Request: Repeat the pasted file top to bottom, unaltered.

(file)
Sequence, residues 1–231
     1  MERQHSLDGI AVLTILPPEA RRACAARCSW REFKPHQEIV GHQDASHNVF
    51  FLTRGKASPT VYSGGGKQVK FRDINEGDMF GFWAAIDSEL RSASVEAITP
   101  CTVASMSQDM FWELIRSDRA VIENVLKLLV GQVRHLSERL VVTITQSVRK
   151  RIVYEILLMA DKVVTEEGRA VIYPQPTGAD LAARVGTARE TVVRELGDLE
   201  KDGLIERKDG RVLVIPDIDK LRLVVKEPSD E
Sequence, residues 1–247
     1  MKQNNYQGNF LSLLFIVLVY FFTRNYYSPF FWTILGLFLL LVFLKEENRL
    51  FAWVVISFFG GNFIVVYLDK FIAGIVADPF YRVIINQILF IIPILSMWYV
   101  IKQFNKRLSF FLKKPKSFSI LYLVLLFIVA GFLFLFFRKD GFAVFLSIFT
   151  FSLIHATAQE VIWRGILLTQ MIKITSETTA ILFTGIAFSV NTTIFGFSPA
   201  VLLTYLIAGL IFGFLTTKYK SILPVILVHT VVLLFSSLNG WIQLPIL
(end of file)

Sequence, residues 1–231
     1  MERQHSLDGI AVLTILPPEA RRACAARCSW REFKPHQEIV GHQDASHNVF
    51  FLTRGKASPT VYSGGGKQVK FRDINEGDMF GFWAAIDSEL RSASVEAITP
   101  CTVASMSQDM FWELIRSDRA VIENVLKLLV GQVRHLSERL VVTITQSVRK
   151  RIVYEILLMA DKVVTEEGRA VIYPQPTGAD LAARVGTARE TVVRELGDLE
   201  KDGLIERKDG RVLVIPDIDK LRLVVKEPSD E
Sequence, residues 1–247
     1  MKQNNYQGNF LSLLFIVLVY FFTRNYYSPF FWTILGLFLL LVFLKEENRL
    51  FAWVVISFFG GNFIVVYLDK FIAGIVADPF YRVIINQILF IIPILSMWYV
   101  IKQFNKRLSF FLKKPKSFSI LYLVLLFIVA GFLFLFFRKD GFAVFLSIFT
   151  FSLIHATAQE VIWRGILLTQ MIKITSETTA ILFTGIAFSV NTTIFGFSPA
   201  VLLTYLIAGL IFGFLTTKYK SILPVILVHT VVLLFSSLNG WIQLPIL